the question of resource mobilization in the context of African countries as envisaged by the
theory of financial liberalization. The chapter begins by developing the conceptual framework
for the whole study. This involves the examination of the theory of financial liberalization,
and the development of an analytical framework which exposes the theory and its critique.
The chapter concentrates on examining the empirical relationship between the real interest
rate, saving and investment. It draws a distinction between total saving and financial saving
and estimates separate functions with special emphasis on the role of the real interest rate in
the determination of each category of saving. For the relationship between the real interest
rate and investment, this section employs a 3-equation investment model which tests for the
effect of below equilibrium and above equilibrium interest rates on investment. The model
also allows the calculation of the net effect of the real interest rate on investment after taking
into account the effect of the real interest rate on the provision of credit and the cost of
investment.

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Resource Mobilization and Financial Liberalization
Resource Mobilization and Financial liberalization: A Conceptual Framework
The accumulation of capital stock through sustained investment is indispensable for
the process of economic growth. In a closed economy, investment itself can only be financed
from domestic saving. Because the acts of saving and investing are usually conducted by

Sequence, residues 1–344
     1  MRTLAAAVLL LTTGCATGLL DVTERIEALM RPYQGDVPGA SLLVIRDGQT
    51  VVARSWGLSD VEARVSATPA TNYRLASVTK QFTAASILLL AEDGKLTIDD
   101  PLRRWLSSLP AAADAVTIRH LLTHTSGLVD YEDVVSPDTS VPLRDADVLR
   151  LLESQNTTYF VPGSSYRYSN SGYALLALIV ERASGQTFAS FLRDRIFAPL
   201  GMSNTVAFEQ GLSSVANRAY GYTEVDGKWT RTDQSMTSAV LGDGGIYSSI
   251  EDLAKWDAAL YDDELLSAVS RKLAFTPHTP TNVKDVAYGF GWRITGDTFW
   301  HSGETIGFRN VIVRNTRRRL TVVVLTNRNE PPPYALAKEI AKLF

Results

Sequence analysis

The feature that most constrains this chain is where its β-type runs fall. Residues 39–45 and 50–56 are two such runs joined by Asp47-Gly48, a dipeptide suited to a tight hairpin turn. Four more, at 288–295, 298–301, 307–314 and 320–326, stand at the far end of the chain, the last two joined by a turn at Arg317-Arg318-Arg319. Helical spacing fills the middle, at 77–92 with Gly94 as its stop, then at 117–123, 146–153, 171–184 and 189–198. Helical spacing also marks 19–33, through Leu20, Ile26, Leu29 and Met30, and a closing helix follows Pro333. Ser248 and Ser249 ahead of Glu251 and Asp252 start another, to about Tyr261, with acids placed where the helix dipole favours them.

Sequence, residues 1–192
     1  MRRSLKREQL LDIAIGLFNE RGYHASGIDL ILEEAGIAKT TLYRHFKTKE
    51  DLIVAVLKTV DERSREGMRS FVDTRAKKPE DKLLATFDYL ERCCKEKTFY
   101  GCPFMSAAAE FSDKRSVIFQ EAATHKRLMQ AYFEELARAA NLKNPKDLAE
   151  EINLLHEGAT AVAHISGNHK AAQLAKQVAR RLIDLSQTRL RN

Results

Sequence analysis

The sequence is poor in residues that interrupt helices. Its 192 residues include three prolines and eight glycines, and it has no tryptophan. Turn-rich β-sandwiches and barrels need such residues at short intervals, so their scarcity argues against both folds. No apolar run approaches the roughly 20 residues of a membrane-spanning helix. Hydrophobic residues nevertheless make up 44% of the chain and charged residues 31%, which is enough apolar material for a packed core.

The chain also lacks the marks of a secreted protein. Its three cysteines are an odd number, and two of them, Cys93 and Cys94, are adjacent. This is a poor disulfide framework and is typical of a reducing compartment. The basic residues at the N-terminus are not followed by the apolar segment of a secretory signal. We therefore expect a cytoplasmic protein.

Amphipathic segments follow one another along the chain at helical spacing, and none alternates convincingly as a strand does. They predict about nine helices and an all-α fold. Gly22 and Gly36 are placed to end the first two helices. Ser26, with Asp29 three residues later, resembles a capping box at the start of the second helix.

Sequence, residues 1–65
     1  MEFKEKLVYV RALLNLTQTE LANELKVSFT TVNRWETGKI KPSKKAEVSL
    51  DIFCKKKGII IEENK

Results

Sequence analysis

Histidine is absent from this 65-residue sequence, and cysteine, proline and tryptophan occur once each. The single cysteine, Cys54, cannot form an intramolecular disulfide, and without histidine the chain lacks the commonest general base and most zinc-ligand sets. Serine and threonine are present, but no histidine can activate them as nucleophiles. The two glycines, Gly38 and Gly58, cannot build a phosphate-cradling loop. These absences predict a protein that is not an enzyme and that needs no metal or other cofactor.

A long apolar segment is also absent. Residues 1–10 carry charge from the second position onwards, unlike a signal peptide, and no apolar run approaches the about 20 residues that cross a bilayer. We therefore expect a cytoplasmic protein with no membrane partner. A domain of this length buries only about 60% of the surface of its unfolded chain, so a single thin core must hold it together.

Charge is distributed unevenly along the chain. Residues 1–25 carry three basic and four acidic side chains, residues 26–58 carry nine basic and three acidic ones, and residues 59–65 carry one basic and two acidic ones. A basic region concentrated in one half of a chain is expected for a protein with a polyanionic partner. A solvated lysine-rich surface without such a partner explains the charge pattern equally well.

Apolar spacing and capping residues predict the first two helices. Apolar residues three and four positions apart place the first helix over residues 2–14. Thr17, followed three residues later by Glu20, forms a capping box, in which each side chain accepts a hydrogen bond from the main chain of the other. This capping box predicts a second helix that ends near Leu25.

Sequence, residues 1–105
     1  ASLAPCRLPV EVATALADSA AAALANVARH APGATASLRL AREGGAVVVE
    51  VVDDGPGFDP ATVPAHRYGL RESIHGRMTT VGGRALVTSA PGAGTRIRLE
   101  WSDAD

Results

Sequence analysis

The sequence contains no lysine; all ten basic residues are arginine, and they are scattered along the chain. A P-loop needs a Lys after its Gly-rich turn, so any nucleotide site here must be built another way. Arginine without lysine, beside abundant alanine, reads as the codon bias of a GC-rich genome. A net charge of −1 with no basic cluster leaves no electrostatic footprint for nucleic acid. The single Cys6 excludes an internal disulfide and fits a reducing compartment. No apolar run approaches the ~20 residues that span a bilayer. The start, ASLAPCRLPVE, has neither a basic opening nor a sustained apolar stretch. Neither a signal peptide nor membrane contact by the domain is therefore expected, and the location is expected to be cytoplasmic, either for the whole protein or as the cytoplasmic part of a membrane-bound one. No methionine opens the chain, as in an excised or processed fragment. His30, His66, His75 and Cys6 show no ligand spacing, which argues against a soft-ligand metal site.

different people, the financial sector is entrusted with the functions of channeling resources
from savers to investors. The relationships between domestic saving and economic growth
can be examined through the Harrod-Domar Result:
g = p(S/Y) = p(I/Y) (1)
where g is the rate of growth of real output, p is the productivity of capital and (S/Y) is
the ratio of total domestic saving to income which, in equilibrium, is equal to the ratio of
investment to income (I/Y). Accordingly, given the productivity of capital, the growth rate
should increase the higher the ratio of saving (investment) to income. Conversely, if the ratio


of saving (investment) to income is given, the growth rate can be increased by improving the
efficiency of investment which will raise the productivity of capital (p). To do this, it is
necessary to promote investment that support efficient production in sectors where rapid
growth in effective demand can be expected (Okuda 1990).
The orthodox approach to financial liberalization suggests that, financial liberalization